Hey fellow ‘golden hour light’ chasers,
I’m predominately a travel stock photographer and always on the lookout for additional means to increase my income streams within the photographic realm. We must act like hunters in this jungle that is the stock industry and, especially as it’s become increasingly challenging to make a living purely off stock photography. This is especially true when Agencies curtail contributors’ benefits all in the name of staying competitive, such as Dreamstime’s recent move to make all their images Royalty-Free and Limit-Free.
In my book, I discuss at length about ‘Opportunities Outside of Microstock’ and encourage all contributors to think strategically on where to upload their images so that they yield the most returns.
To purchase a copy of this book, click on this link!
Print On-Demand Business Model
A friend of mine and fellow Microstock grinder, Steve Heap, has written a series of articles on his experience within the Print On-Demand business model, in his blog ‘Backyard Silver’ He’s been submitting to their biggest player, Fine Art America (FAA), for a few years now and has had some nice sales. He goes into details which of his images have sold and crucially, for how much.
Interesting, Steve has a new pricing strategy which he’s adopting. Certainly great advice which I’m adopting. By the way, he’s also an author and written an excellent book entitled “Get Started in Stock”, check it out:
So, how does Print On-Demand work?
Well, taking a paragraph from my book:
“A number of online Agencies have emerged to assist photographers to sell their prints, namely ‘Print on Demand’. Some of these Agencies are full-service in that they handle the entire chain of transactions (collecting payment, packaging, and shipping). Understandably, these types of Agencies charge steep commissions, but there’s flexibility in setting your own margins.”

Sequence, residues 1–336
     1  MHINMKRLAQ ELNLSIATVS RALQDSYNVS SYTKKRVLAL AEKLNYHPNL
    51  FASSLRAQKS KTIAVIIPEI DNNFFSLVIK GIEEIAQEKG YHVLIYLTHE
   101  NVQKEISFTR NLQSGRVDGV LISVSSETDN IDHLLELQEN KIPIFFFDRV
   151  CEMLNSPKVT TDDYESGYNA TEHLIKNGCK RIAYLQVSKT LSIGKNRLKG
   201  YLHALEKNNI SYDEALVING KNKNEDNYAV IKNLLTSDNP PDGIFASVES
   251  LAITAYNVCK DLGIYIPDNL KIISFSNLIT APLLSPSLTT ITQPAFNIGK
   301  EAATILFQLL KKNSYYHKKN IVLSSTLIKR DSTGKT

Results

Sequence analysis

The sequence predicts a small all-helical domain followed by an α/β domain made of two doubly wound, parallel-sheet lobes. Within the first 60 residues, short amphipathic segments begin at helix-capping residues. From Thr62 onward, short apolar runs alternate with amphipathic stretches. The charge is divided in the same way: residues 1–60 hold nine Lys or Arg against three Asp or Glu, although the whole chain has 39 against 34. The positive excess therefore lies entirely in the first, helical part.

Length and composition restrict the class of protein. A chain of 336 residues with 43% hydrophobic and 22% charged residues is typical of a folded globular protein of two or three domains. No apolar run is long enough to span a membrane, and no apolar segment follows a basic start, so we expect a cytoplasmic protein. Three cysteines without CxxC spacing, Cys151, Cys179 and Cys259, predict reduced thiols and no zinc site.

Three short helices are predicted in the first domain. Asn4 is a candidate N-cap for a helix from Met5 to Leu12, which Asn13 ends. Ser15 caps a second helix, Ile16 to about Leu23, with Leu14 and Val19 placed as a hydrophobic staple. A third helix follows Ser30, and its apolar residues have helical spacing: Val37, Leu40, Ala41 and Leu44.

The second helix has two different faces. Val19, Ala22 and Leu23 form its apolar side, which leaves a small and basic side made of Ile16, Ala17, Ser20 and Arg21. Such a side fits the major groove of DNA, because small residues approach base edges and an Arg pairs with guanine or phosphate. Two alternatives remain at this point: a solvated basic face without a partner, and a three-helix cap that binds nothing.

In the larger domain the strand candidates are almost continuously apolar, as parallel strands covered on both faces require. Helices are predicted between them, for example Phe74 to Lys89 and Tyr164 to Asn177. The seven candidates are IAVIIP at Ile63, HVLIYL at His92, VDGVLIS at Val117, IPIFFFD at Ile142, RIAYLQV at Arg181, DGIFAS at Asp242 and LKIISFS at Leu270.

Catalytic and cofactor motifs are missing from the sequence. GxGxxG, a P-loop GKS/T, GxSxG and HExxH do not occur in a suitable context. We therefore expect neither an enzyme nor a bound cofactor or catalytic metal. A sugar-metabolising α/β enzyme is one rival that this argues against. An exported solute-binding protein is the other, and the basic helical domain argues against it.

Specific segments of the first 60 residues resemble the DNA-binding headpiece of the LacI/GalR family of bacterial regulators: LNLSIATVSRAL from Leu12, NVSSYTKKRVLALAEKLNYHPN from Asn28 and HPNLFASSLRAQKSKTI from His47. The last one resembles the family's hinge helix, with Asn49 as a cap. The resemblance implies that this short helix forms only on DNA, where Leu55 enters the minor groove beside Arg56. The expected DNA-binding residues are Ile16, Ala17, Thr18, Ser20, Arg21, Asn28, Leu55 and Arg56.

Fine Art America
FAA is certainly the biggest player. They offers two packages for photographers: a free option, which is limited to a selection of 25 works; and an affordable premium option, costing $30/year, where you can upload as many images as you want, and receive a 5% share of any extras a buyer chooses – like matting or framing. The premium option also has some other added features, such as a customisable portfolio/website.
I recommend everybody to take advantage of the free option and upload your best 25 works to them at no cost. That’s precisely what I did about 4 months ago but, I then thought, what the hell it’s only $30/year so I signed up to the premium version. A few simple downloads would cover your costs for the whole year.
How have been my sales at FAA?
It’s early days and no sales to report as of yet in my FAA portfolio, in fact I only have about 150 images on there at the moment and more are added every week.
If there’s anything I would like you to take away from this post is an indication of which types of images potential buyers are searching, so here’s my most searched for images in terms of ‘visitors’. Perhaps not so scientific as actual sales, since lots of buyers just window shop, but it’s all I have at the moment. I hope to blog about my first sale soon and not in 2 years’ time…!
So which types of images should sell at FAA
What I take from the above simple analysis is that traditional stock images don’t appear to rate so highly, at least in my portfolio. These visitors are looking for more ‘fine art style’ images that would look good on a t-shirt, canvas, iPhone covers, greeting cards and even duvets. It appears that my ‘dark and moody ‘ images are most popular, although the little boy with the camel I shot in Dubai is racing ahead, literally. On a side note, I wrote an article about my recent visit to the UAE, so check it out.
Other Print On-Demand Agencies
Have you considered FAA and how has been your experience so far? I would love to hear from you, so please comment below.
See Part II of this article – Opportunities Outside of Microstock: Fine Art Images.
Until next time!